New questions for new times

Image: Eugenia Lim, ‘ON DEMAND’, 2019. Pedal-powered four-channel video installation. Commissioned by Campbelltown Arts Centre for ‘OK Democracy, we need to talk’. Photo by Document Photography

What’s next for the arts in a policy environment that’s light on evidence base, causal sophistication and cultural competency?

It’s the question on the lips of everyone in an arts leadership position right now – as well as the artists who rely on us. Important questions continue to circulate among colleagues – questions that indicate fruitful lines of inquiry for researchers, think tanks, academics and investigative journalists.

Let’s start with the artist. How do we reconcile the visual arts being Australia’s most popular artform in terms of creative participation, with the  decline in the number of visual artists and craft practitioners? How will we redress the alarmingly low overall incomes earned by artists? The incomes that professional artists derive exclusively from creative work are below the poverty line and have fallen 19% in seven years. How can we redress the gender pay gap, which is worse in the arts than in any other industry?

If these trends continue, how will we avoid losing culture, talent, jobs, and the local economies they power?

Let’s look nationally. Last year the Bureau of Communications and Arts Research calculated the economic contribution of cultural and creative activity in Australia at $111.7bn according to figures released by late last year. In the previous month’s Arts Agenda, we talked about how this massive figure overlooks the visual arts, craft and design sector and the contemporary arts at large. Omitted are the entire visual arts, craft and design market including the creation, exhibition and sale of contemporary art in public and commercial galleries, the secondary market of sales at auctions or through dealers, and the work of all Aboriginal Art Centres. The economic contribution of Australia’s painters, sculptors, photographers, public artists and so many other contemporary practices has not been considered at all. And yet the visual arts is the artform participated in by more creatives than any other in Australia.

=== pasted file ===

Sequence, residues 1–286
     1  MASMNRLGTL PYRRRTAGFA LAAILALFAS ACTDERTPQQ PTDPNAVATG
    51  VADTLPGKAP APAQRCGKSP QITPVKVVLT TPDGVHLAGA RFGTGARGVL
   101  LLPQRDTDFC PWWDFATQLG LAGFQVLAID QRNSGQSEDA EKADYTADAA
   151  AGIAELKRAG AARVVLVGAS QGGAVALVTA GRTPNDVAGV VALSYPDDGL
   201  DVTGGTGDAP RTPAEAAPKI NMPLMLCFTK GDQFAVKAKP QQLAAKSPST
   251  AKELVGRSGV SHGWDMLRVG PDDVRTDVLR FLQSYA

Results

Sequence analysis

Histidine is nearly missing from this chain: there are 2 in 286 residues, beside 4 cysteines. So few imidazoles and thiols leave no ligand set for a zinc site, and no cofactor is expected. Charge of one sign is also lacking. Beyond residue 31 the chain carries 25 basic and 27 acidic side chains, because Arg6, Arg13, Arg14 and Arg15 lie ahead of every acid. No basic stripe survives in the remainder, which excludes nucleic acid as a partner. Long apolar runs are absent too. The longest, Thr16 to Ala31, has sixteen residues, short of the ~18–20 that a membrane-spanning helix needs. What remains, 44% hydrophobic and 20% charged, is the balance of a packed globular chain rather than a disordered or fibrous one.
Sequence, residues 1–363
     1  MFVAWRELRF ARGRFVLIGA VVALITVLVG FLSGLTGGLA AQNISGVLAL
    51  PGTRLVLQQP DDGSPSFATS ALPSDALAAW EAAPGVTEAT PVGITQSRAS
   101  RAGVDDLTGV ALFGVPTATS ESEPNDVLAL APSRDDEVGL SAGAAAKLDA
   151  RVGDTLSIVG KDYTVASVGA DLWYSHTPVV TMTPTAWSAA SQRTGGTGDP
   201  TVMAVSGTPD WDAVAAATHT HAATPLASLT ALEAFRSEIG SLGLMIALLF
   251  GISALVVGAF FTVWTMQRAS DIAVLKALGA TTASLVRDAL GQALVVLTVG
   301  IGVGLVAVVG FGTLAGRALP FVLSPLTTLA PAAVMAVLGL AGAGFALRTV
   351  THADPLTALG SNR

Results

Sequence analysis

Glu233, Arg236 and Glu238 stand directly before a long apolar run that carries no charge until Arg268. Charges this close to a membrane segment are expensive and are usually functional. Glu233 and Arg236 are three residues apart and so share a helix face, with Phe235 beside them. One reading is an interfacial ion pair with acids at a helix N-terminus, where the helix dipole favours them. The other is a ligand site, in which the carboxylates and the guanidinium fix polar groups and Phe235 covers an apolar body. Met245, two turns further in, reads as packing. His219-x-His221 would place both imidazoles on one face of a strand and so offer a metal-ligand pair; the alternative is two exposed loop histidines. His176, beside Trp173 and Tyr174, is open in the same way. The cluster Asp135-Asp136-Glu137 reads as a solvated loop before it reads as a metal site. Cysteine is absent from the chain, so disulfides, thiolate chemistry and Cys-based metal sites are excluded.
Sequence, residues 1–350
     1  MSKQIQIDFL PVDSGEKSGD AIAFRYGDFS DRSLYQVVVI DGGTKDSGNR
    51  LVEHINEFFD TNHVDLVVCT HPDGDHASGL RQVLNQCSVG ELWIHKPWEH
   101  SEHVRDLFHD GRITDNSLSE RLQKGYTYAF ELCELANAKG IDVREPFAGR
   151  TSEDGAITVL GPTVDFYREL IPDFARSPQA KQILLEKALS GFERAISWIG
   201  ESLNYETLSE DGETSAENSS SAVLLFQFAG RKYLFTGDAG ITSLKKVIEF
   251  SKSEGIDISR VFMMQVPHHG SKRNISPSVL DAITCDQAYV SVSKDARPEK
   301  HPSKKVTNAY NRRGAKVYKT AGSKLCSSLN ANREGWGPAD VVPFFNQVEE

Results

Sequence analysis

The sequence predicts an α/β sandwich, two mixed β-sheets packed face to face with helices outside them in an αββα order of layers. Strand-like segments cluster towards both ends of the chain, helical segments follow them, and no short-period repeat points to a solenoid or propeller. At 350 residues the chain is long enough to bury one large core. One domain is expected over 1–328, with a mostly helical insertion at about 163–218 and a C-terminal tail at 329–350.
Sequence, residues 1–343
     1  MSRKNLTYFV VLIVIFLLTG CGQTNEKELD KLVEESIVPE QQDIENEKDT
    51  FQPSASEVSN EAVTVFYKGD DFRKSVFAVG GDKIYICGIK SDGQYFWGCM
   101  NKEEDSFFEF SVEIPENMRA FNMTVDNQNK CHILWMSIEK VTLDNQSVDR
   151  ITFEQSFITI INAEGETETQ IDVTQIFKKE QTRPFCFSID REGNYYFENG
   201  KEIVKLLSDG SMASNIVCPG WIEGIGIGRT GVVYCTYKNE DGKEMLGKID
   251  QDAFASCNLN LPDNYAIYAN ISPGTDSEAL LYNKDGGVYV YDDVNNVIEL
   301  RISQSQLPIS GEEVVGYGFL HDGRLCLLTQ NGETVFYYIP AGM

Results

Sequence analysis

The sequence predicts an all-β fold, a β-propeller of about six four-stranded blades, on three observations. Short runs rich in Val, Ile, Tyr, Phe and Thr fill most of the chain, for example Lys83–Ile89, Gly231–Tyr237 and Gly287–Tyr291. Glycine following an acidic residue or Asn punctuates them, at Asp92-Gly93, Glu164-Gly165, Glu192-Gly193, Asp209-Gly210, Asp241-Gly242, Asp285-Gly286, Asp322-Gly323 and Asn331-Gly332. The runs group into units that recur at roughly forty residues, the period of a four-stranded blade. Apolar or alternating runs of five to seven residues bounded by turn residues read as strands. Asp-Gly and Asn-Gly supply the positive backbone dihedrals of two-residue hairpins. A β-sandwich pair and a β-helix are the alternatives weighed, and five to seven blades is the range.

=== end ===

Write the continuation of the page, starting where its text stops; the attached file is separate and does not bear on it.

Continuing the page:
How will we ensure that senior bureaucrats have the data they need ready to hand to support great decisions? How can we guide the Bureau with the most helpful research questions to understand the contemporary arts comprehensively?

How does declining trust in government correlate with declining public funding of our national cultural institutions, as well as the arts more broadly? How does it correlate with political attacks on those institutions on grounds which misunderstand their purpose – such as the criticisms on the Museum of Australian Democracy? How does it correlate with declining investment in public education – in particular, investment in arts education, and its well-understood capacity to nurture independent critical thinking?

And what’s at stake if we don’t respond to these questions?